1. Very well written article. This is the true state of airline lounges right now. Chaotic disasters.

  2. You’ve nailed it pretty well. The only lounge I like anymore is the Virgin Clubhouse at Heathrow. That feels like a special experience. The Pier in Hong Kong is not bad either. Recently I was at an airport in Europe, which shall remain nameless, and there was only a Priority Pass lounge. I went there and the food looked so bad I left and went to get a Whopper at Burger King. The furniture looked like some stuff I threw out of my old Manhattan studio apartment 20 years ago. And people were fighting to recharge their phones. I’m just as happy now sitting at the gate.

  3. I’m UK based and lounges aren’t quite as horrific either here or in Europe as they are in the States and I find myself agreeing on the most part. Flying with BA/ OW most the time I have at least appreciated the steps taken at outstation/ 3rd party lounges where you may be fighting for entry against 150 PP card holders. When travel started picking up again BA got quite aggressive with 3rd party providers pointing out the ‘ guaranteed access and full service’ provisions they had in their contracts. Making clear that the threshold of pax reporting denied entry or requests for additional payment for XYZ F&B was going to be very low. They’d break contract on that basis & they knew very well another provider would be more than happy to take the contract. This resulted in us often turning up to lounges with 50 person wait lines and more sat about then seeing signage saying if we were Flying with BA ( and other carriers) to just walk up to the desk.

    We maintain BA Silver/.OW Sapphire and did so throughout lockdowns even if any extensions hadn’t been granted. We self fund and it’s all leisure travel in J or F and have Amex BA cards. They don’t grant entry to lounges though unlike for you in the States. Which is where I think a lot of the problems exist for y’all. There are just so many cards that offer it that the pool is just growing exponentially and in an unsustainable rate which in itself creates a catch22. If those cards don’t keep increasing in membership numbers ( see: profit) for issuers then they’ll be revoked quicker than any would like to imagine. The lounge isn’t getting any bigger so the losers increase day by day. As alluded to in the article I think this is why card companies are, in part at least, opening their own spaces but I imagine are doing so while not seeing that it’s them who create a large part of the problem.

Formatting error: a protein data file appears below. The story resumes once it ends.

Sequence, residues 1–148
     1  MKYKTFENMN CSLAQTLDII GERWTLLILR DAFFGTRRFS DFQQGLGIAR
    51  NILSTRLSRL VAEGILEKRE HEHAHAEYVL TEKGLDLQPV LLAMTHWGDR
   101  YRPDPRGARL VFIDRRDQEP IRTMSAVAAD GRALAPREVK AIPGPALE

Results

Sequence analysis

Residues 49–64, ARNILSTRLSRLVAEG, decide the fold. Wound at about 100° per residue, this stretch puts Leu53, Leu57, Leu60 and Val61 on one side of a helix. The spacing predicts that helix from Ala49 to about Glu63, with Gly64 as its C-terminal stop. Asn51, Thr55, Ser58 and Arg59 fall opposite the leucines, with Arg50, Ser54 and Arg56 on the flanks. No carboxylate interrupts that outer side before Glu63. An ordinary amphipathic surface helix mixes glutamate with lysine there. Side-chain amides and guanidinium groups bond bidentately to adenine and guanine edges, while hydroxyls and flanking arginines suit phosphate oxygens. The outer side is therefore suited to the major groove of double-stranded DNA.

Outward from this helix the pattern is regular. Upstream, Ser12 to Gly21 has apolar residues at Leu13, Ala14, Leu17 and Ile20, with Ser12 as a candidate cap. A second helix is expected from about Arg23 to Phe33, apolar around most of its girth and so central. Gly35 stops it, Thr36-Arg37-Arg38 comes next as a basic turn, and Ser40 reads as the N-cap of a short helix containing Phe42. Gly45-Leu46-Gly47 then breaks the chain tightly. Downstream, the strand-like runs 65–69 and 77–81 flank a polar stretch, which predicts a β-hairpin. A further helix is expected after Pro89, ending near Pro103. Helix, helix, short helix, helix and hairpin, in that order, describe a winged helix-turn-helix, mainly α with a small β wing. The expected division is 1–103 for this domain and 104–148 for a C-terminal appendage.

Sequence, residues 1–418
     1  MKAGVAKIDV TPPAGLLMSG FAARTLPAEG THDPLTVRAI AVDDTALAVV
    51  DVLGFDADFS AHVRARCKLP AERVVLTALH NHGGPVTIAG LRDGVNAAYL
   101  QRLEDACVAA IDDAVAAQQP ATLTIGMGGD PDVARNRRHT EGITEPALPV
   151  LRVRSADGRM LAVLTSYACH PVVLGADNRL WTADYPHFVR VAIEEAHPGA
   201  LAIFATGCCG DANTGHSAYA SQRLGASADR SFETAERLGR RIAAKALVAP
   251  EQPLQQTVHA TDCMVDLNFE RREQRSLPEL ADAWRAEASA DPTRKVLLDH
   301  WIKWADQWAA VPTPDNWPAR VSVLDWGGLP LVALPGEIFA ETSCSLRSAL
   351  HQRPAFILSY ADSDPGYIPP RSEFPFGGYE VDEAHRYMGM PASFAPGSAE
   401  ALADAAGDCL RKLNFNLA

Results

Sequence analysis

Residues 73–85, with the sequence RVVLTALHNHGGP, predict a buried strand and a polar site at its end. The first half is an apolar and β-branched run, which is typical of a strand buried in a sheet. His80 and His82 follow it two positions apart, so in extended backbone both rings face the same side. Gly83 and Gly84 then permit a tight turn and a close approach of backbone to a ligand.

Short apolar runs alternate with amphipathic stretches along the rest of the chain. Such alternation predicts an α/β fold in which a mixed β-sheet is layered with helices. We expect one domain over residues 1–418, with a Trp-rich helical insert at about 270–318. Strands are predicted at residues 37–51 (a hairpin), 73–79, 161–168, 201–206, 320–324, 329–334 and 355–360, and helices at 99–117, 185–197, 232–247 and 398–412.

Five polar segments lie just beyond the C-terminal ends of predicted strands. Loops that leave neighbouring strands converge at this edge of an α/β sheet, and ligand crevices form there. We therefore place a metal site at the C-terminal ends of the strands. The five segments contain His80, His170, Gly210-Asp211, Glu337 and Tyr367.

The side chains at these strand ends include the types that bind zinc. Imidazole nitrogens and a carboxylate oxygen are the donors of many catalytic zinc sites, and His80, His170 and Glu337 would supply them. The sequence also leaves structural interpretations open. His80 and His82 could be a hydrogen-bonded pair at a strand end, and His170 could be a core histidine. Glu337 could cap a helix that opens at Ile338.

Of course how you solve that is a whole nother conversation

    1. The BA lounges in Heathrow to be the most crowded lounge I’ve ever seen on every trip to the UK in the last year, far more than any lounge in the US. The Qatar lounges in Doha are nice but of late have been overcrowded. Nicest one I’ve been in lately is the American lounge in Santiago, Chile.

  4. It was disappointing when BA closed my local airport lounge. They have contracted with a third party which seems to have guaranteed access but I think it’s a backwards step for BA. I could just fly just fly with a LCC and use my LoungeKey card (though there’s a risk of being knocked back at the lounge) and get a similar experience.

    I think the undermining of the experience of first class or business class travel needs to be reverse or people will decide that the small thrills aren’t worth it (except for long haul were I book business or first class for the on plane on hard product).

  5. Terminal design drives this issue. Major US airports are shopping malls, with space prioritized for stores not related to the travel experience. When gates have 40 seats for 350 person flights, of course people shell out for the lounge, and of course the 150 seat lounge serving 30 gates is full. It’s not an accident that overcrowding is vastly worse in the US. There’s a whole different set of incentives for airport designers/managers.

  6. Lounges in Asia & the Middle East I’ve found to be manageable even after the pandemic, and in Asia in particular it seems lounge shower use has gone way down, I would expect 1-2 hour waits before and have gotten one instantly since then

    Between Oneworld Emerald and *A Gold, I can usually get into a lounge that’s not eligible for credit card holders and I find those to be at least bearable!

  7. BA gave “free” lounge access as part of their package holidays after Covid so the amount of screaming kids with their drunken parents skyrocketed… Other package holiday companies have been doing the same and usually in the smaller airports there’s only one or two lounges shared.

  8. The Delta lounges are great and I enjoy them. I have not had to wait in line anywhere and I travel often. This article is just a load of class warfare nonsense.

  9. Your tone comes across as extremely elitist and quite obnoxious in this article. You may have a valid point regarding overcrowding and undeserving but it’s been diluted with the snobbery, unfortunately.